What does the word “Campechano” mean?

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Campechano is the demonym for Campeche (Photo: Instituto Campechano)

The word “Campechano” became an adjective to describe the character that the Spanish conquerors detected among the settlers of Campeche when they first arrived in 1517.

Campeche, Campeche, (April 12, 2021).- In a distracted walk inside the fort, the traveler can remain standing before the sign “Instituto Campechano”. It is not an institution where classes are conducted in a relaxed and friendly manner. 

It is only the name of the city of Campeche, the state capital of the Mexican state of the same name (although the official one is San Francisco de Campeche, almost no one remembers the first part). It is generally unknown that the adjective “Campechano” comes from the character that the Spanish conquerors detected among the settlers of this area when they first arrived in 1517.

Campeche, relaxed and beautiful, is located in a corner of the southwest of the Yucatan peninsula

It is true, however, that after a few days of stay it is perceived among the folks that they are very hearty. The city is laid-back and beautiful, situated in a southwestern corner of the Yucatan peninsula. Although it has state governing bodies and parliament, it lives at a leisurely pace, with the main square and its beautiful cathedral with two bell towers as the epicenter of daily activity.

Campeche is a colonial beauty. The houses inside the walls have bright colors, generally pastel tones, and are spotless. The explanation lies in the subsidy that families receive annually for repainting their facades, balconies, doors, and window sills. 

The main square of Mexico is currently the Plaza de la Independencia
The main square of Campeche is currently the Plaza de la Independencia. Photo: (EMI)

The roads have narrow streets with polished sidewalks and the road is made up of cobblestones that refer to times when more horse-drawn cars roamed the streets. This harmonious and careful aspect earned it the designation of World Heritage Site by Unesco in 1999.

The main square looks like a Hollywood set. In the center, gardens dominated by a bandstand. On the sides, retro trams and buses waiting for foreign visitors to take a tour of the old town.

It is surprising that Campeche is the least visited state in the Yucatan Peninsula. Foreigners dive headlong into Yucatán itself and also Quintana Roo, attracted by its beaches and archaeological sites. Campeche has attractive equals that, however, stay far from the hubbub of buses and groups.

A few centuries ago, Campeche lived the torture of the constant siege of the Caribbean pirates. In 1663, there was such a virulent attack that the Spanish colonial authorities had the walls built, which can now be admired. They completely surround the historic center and have two forts.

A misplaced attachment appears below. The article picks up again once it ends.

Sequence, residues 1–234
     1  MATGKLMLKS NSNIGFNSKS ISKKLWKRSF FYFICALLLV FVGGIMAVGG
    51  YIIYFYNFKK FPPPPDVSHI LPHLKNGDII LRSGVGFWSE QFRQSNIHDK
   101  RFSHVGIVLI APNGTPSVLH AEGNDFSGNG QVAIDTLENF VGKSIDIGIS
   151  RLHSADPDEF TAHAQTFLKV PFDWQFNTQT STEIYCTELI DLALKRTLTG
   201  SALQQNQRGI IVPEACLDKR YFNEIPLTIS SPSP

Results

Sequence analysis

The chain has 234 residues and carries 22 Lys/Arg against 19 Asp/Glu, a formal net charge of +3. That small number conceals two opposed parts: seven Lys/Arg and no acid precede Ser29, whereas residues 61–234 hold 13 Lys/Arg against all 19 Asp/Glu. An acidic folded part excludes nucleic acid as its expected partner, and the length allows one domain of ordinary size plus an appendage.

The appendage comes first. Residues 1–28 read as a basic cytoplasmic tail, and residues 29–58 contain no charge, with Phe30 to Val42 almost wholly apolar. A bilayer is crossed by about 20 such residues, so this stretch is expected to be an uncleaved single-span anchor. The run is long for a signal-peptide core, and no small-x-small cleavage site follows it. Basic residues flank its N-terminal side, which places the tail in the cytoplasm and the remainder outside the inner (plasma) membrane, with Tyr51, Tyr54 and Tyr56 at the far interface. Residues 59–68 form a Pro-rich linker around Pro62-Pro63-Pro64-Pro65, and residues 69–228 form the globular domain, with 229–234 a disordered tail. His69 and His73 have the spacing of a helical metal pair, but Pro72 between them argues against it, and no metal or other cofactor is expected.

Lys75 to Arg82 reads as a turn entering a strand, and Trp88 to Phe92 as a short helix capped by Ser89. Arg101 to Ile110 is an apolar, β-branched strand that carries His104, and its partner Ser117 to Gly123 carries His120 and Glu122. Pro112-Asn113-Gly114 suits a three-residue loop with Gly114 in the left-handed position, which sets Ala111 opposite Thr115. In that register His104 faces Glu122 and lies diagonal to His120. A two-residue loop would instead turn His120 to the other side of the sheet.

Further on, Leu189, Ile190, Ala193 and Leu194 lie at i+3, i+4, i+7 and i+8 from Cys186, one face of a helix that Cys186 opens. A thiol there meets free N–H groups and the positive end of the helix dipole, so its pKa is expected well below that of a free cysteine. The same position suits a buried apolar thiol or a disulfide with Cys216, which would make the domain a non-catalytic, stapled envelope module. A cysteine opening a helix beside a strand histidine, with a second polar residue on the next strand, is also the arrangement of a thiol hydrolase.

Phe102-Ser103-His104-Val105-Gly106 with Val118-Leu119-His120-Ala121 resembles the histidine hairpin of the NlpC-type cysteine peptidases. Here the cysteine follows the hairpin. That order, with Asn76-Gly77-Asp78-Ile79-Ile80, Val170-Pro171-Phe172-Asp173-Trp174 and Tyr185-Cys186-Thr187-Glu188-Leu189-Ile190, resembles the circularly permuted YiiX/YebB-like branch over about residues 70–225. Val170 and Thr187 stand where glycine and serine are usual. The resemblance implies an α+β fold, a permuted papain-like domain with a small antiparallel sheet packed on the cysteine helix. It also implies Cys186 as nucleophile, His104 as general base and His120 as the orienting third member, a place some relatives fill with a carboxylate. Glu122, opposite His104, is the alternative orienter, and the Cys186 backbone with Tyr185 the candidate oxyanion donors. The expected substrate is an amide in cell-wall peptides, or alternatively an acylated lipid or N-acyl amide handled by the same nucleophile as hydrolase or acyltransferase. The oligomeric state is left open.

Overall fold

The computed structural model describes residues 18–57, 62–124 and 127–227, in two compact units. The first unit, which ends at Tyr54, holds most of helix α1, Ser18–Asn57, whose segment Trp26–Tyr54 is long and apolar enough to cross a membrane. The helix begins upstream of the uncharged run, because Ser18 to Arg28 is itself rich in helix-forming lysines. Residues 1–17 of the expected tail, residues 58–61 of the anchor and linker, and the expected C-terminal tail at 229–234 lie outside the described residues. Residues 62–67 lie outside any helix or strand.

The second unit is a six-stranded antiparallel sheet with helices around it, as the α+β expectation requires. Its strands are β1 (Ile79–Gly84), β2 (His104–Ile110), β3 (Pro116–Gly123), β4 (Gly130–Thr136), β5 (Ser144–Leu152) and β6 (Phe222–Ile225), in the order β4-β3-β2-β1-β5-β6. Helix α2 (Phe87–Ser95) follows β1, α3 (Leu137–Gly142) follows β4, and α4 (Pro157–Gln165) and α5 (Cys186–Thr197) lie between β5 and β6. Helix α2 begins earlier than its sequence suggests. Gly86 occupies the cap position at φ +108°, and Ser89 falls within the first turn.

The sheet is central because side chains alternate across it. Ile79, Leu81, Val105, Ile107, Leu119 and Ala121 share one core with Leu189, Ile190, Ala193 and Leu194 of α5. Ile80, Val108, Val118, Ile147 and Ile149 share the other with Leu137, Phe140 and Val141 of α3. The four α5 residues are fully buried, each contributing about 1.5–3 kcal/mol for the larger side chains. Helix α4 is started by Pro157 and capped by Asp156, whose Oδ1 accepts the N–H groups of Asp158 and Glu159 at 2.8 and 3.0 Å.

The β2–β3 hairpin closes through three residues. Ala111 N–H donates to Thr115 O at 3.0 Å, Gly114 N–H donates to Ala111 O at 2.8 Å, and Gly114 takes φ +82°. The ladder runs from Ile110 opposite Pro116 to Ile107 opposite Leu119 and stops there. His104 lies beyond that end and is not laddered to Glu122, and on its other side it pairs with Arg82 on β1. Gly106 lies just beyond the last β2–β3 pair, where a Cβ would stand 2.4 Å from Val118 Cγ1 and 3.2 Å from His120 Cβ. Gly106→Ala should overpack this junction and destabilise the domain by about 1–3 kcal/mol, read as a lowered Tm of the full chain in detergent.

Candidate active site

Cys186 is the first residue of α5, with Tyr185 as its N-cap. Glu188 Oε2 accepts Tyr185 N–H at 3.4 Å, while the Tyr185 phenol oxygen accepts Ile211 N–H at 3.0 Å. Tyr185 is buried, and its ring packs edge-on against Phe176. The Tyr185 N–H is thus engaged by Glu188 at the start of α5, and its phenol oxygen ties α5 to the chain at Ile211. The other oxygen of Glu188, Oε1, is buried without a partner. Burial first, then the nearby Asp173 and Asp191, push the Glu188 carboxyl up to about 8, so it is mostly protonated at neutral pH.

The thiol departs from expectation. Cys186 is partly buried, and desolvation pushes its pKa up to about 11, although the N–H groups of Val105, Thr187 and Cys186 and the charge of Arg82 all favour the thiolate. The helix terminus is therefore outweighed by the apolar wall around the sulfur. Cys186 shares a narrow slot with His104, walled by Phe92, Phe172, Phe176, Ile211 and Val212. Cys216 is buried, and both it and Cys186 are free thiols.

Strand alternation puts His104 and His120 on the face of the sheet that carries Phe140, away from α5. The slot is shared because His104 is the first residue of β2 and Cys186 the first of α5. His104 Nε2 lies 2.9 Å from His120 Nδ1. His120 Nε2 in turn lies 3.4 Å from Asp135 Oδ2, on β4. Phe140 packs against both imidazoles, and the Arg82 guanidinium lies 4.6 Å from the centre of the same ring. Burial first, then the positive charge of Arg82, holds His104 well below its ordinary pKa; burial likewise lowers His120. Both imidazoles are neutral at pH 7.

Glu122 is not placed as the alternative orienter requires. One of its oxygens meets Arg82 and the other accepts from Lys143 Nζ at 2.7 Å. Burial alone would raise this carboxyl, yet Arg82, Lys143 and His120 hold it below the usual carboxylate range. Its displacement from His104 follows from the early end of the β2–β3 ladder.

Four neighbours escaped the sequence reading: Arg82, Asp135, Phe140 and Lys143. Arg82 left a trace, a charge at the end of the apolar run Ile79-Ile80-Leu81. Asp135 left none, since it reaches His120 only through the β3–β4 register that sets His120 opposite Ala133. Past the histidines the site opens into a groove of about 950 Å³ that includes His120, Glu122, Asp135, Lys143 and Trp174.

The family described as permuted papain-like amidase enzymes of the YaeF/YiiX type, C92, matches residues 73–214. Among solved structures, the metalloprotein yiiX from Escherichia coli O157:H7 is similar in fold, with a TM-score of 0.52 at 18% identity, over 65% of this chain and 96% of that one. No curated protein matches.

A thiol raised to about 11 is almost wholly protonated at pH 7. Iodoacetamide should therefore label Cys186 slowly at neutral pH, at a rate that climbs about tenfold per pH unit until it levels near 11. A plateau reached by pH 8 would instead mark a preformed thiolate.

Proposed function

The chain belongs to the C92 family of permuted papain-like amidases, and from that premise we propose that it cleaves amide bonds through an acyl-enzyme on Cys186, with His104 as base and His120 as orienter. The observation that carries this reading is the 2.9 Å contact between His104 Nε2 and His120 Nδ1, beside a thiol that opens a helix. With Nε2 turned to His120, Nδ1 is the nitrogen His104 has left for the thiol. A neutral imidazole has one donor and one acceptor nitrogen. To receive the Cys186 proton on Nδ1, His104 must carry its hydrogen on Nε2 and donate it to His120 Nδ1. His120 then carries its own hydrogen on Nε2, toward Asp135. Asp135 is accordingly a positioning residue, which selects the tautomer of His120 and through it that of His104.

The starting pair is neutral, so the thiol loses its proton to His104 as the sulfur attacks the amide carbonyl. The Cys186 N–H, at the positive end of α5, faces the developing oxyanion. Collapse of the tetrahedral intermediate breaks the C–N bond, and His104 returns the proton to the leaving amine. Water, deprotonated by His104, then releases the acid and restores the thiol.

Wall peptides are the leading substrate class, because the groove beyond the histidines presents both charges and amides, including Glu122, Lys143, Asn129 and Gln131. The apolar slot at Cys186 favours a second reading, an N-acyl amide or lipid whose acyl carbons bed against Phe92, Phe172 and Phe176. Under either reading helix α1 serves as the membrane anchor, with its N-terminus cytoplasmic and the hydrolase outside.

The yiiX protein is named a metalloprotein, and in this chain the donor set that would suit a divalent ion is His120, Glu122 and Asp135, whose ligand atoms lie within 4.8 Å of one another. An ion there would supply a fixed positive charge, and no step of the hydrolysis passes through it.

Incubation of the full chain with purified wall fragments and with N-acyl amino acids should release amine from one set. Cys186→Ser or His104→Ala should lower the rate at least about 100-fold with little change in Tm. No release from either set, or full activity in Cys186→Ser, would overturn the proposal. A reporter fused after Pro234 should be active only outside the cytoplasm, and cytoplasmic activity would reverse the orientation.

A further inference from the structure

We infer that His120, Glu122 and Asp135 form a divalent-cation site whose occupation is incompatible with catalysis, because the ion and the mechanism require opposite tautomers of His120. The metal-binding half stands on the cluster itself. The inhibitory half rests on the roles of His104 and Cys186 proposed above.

Fort of San Miguel, Campeche
Fort of San Miguel, Campeche. Photo: (Andres Balcazar)

The bastion of San Francisco today contains, precisely, a modest exhibition on the world of pirates. It is not very rigorous, but it is fun. On the contrary, the fort of San Miguel is occupied by a wonderful archaeological museum, the most important in all of Mexico as far as Mayan culture is concerned. In a mysterious semi-darkness, ten rooms give way to sensational pieces collected mainly in the deposits of Calakmul and Edzná. 

Ritual jade masks, engraved columns, friezes, funerary stelae, or figurines are mixed with everyday objects such as shell necklaces, plates, vases, weapons. At the end of the visit, you can access the roof terrace and, together with the twenty cannons that guarded the city, you get a sensational panoramic view of an iridescent sea of ​​blue and green.

The Campechano tends to talk in a slow and relaxed way and lives somewhat flattened by the humid heat of the Yucatan Peninsula.

To complete this immersion in the Mayan culture, in the bastion of Nuestra Señora de la Soledad there is another museum explicitly dedicated to its architecture. In the middle, the Casa Number 6 Cultural Center shows how well-positioned Mexicans lived in the 19th and 20th centuries, with original furniture and an interior patio that invites you to linger forever rocking on one of the venerable rocking chairs.

The Campechano lives up to its name, is prone to relaxed chatting, and lives somewhat flattened by the hot and humid tropical environment of the Yucatan coast. Things are done slowly here, whether it is visiting modest Baroque churches or having a good ice cream shake on the boardwalk, a promenade that is almost the only place to cool off naturally, as the breeze from the Gulf of Mexico is always present.

Main temple in Edzná, Campeche
Main temple in Edzná, Campeche. Photo: (Barna_Tanko)

Campeche is worth a visit in itself. But, in addition, it is the ideal base to approach the archaeological sites of Edzná, with perfect pyramids between grass fields; and Calakmul, in an adventure film rainforest. They are ruins that are outside the usual circuits of the Mayan route and, therefore, their route is free of crowds.

Source: SIPSE

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